WASHINGTON - The prospect of being sued under the disparate impact theory of discrimination is giving lenders and banking attorneys nightmares.
The bad fair-lending dream goes something like this: the government could nail financial institutions for having racially neutral policies that inadvertently place minorities at a disadvantage; prosecutors wouldn't even have to show intent; and mere statistical deviations could lead to millions of dollars in damages.
Now two lawyers at the Washington office of Fried, Frank, Harris, Shriver & Jacobson said they have found the government's Achilles' heel, and in the most unlikely of places.
Thomas Vartanian and Robert Ledig said the Justice Department - in an appeal filed at the Supreme Court in a crack cocaine case - trashed a disparate impact standard analogous to the one it wants to apply to banks.
The drug case centers on federal sentencing guidelines, which prescribe harsh sentences for crack cocaine and lighter ones for powder cocaine. Minority defendants across the country have challenged the different standards, arguing that they lead to discrimination against blacks and Hispanics because these groups are arrested more often than whites for crack offenses.
In essence, they charge the government is using a policy that is neutral on its face to discriminate.
That should sound familiar to bankers because it is the same charge the government is threatening to lodge in disparate impact cases.
The government, in its appeal, argued that evidence that whites receive lighter sentences than minorities doesn't prove discrimination.
"Rather, it recognizes the empirical possibility, that, for socio- economic and historical reasons, members of particular racial and ethnic groups may predominate in the commission of certain crimes," the government wrote in its petition.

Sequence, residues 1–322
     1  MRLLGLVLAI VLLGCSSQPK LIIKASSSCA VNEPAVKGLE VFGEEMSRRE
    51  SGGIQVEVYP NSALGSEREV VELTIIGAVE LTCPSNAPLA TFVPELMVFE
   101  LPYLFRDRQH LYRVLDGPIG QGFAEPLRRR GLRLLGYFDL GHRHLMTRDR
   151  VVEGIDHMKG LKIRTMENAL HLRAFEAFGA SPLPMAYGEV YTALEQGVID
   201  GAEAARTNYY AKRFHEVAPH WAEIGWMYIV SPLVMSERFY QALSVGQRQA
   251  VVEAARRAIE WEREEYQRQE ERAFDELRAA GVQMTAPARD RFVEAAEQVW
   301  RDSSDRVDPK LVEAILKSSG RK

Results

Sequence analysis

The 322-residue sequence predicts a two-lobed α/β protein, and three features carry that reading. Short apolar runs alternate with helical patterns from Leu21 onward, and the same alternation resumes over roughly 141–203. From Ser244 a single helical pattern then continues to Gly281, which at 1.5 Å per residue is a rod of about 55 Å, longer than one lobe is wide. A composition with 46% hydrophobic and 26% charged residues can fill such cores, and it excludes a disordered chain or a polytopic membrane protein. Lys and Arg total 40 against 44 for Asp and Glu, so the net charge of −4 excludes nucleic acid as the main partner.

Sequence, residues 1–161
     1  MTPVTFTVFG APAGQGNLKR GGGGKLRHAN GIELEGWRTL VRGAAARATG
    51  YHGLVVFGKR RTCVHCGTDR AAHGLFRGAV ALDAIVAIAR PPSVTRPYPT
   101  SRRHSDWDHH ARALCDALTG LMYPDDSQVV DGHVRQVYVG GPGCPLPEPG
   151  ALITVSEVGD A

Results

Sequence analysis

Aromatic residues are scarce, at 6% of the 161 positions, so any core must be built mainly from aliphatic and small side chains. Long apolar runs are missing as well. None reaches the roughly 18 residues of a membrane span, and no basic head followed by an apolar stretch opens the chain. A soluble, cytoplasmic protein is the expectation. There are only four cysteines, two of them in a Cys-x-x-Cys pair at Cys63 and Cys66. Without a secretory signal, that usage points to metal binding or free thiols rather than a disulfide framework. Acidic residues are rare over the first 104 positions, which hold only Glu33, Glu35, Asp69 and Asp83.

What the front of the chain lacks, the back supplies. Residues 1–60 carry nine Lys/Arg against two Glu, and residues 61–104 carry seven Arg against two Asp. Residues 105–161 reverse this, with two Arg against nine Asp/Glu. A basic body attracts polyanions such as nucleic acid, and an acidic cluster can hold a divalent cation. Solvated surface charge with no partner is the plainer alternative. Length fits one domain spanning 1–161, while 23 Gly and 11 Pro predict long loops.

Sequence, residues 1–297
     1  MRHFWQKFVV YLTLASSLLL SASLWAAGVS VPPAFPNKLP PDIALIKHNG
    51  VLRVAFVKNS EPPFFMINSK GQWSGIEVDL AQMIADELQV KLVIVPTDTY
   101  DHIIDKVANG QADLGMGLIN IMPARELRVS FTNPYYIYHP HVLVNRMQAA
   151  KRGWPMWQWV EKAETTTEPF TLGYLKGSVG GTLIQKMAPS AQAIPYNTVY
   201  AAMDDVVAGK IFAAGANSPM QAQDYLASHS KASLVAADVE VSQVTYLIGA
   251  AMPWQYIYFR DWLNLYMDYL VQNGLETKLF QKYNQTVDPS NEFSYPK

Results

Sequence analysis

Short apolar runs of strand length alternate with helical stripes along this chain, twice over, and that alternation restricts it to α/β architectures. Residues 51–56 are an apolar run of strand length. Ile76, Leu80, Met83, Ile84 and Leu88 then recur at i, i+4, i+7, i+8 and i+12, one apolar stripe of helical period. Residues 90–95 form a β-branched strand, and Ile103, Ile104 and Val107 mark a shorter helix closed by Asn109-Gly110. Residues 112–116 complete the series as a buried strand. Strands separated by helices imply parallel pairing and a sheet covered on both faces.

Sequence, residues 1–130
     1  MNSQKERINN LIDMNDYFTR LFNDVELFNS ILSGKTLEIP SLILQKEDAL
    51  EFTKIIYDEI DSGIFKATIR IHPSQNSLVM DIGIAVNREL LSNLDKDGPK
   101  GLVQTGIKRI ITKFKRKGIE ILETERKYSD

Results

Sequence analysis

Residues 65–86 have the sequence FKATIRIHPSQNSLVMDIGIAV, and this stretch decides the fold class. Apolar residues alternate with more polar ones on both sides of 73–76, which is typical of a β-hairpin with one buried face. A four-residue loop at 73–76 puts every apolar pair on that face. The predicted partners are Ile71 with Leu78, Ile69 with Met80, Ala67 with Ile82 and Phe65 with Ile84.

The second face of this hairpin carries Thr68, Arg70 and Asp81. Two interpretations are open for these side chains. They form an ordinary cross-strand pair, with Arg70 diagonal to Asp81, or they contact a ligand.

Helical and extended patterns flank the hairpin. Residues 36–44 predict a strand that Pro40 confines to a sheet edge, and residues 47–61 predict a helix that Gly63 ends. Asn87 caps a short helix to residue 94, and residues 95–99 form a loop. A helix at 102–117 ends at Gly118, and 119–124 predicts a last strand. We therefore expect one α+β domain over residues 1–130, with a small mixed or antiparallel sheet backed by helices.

Mr. Vartanian and Mr. Ledig said this statement proves the government believes numbers alone are not sufficient. They said the government's position is no different than the banking industry's argument that many minorities for historical reasons have lower net worths than whites, which results in higher loan-rejection rates.
The government is arguing that it is not enough to note all the defendants are minorities, Mr. Ledig explained. "You have to go beyond that to show actual differential treatment."
This contradiction in policy may return to haunt the government, the lawyers advised.
"If a financial institution is defending against a disparate impact case, it is fair game to use the Department of Justice's own theories and own words in other settings against them," Mr. Vartanian said.
Not everyone is as enthusiastic about this theory as Mr. Vartanian and Mr. Ledig.
"I don't see it as carrying the day in defending a fair-lending claim," said Warren Traiger, a New York lawyer.
"It is interesting on a logical level. There seems to be an inconsistency. But in one case you are talking about locking people up and in the other case you are looking at civil penalties. So the theories are different."
John P. Relman, the director of the housing project at the Washington Lawyers Committee for Civil Rights and Urban Affairs, agreed that lawyers shouldn't compare the two situations.
"These are very specific laws that were passed for very specific purposes," Mr. Relman said. "You can't just take the theory and apply it to criminal law."
Justice Department officials declined to comment.
But Andrew Sandler, a partner at Skadden, Arps, Slate, Meagher & Flom, said he agrees with Mr. Vartanian and Mr. Ledig.
"The Department of Justice acknowledgement is clearly reflected in the case law of the Fair Housing Act, and indeed there is a real question as to whether the disparate impact theory should be applied at all in the fair- lending context," he said.